Yin & Yang by Evil Twin

Tasting: October 14th & 15th, 2014
Style: Imperial IPA & Imperial Stout
Beer(s) # 629, # 630, # 631

© 2014 popsonhops.com

© 2014 popsonhops.com

Yin & Yang by Evil Twin

In Chinese philosophy, Yang Yin (or Yin-Yang) preaches the complimentary balance of opposite forces. Years ago, the familiar black and white symbol of Yin-Yang was described by a college professor of mine as two fish – one white and one black swimming in eternal intercourse. I never looked at the symbol the same.

yin-yang

The general thought is that certain existence can not exist without the existence of a contrary existence – or what would now be a complimentary existence – get it? I have to think of it as “shadows cannot exist without light”.

Yin or the dark side of the symbol is said to portray the things you’d expect from darkness like the moon or evil. In case you were wondering – women are categorized on this dark side of the ledger. Hey, don’t shoot the messenger. The white Yang on the other hand would be the sun to Yin’s moon.

Being that these two beers are from Evil Twin – I assume there is some Yin and Yang symbolism emanating from identical twin brothers who both happen to run two different nomadic brewing operations — Jeppe Jarnit-Bjergsø of Evil Twin and Mikkel Borg Bjergsø of Mikkeller. Their strained relationship is well chronicled and I guess you could say that their story and their opposing personalities complement by drawing attention to the other.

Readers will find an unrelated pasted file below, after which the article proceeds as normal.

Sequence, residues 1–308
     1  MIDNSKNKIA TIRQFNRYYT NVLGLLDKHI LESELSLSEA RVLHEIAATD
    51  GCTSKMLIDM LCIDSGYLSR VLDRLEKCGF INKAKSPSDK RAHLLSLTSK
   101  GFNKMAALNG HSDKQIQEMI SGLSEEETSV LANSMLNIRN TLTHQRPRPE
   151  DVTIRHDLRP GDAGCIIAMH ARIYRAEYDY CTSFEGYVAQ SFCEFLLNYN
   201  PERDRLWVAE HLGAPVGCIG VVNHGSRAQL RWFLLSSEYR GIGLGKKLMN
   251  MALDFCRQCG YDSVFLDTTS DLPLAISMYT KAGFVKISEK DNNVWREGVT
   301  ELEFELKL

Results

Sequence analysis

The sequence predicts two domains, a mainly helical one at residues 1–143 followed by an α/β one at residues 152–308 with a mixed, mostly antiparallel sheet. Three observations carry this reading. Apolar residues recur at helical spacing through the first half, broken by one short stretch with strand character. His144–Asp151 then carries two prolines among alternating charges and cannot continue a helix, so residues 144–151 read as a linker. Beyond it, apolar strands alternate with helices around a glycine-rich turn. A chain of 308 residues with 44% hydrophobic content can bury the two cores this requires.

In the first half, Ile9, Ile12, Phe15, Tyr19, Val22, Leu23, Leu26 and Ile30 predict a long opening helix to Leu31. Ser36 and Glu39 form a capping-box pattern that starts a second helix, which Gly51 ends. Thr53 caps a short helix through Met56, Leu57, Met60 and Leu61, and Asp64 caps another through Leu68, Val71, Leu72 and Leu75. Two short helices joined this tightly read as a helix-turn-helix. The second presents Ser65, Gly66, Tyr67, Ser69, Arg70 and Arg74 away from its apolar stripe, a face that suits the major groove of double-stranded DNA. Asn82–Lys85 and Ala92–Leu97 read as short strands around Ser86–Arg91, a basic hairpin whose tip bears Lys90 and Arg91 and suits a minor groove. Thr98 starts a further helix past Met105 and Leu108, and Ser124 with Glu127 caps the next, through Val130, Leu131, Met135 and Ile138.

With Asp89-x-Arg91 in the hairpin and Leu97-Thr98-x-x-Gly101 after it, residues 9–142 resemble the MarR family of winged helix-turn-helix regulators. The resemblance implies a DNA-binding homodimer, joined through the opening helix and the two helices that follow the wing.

Yin & Yang by Evil Twin are complimentary parts of what makes a black and tan. A “Black and Tan” is a mix of stout and ale where the stout is drizzled over a spoon so it floats on top of the lighter colored ale. As you can see, I’ve failed miserably.

Yang & Yin Black and Tan pour

© 2014 popsonhops.com

Since Yin is the dark side it is naturally a imperial stout and Yang is its lighter Imperial IPA partner. Both pieces check in at an even 10% alcohol by volume. One other footnote before I crack these open – Evil Twin has utilized Two Roads Brewing Company in Connecticut to create both halves of the brewing Tao.

Yang by itself – very boozy, syrupy, vanilla. Not much hop profile. More like a barley wine – 86 points.
Yin by itself – big time roastiness with vanilla undertones. A bit boozy – 89 points.
Yang & Yin mix – at 50/50 – not bad. It has a strong scotch influence. The boozy syrup of Yang mellows out the roastiness into more of a smokey peat flavor. Actually, I’ll tuck this one ahead of both at 90 points.

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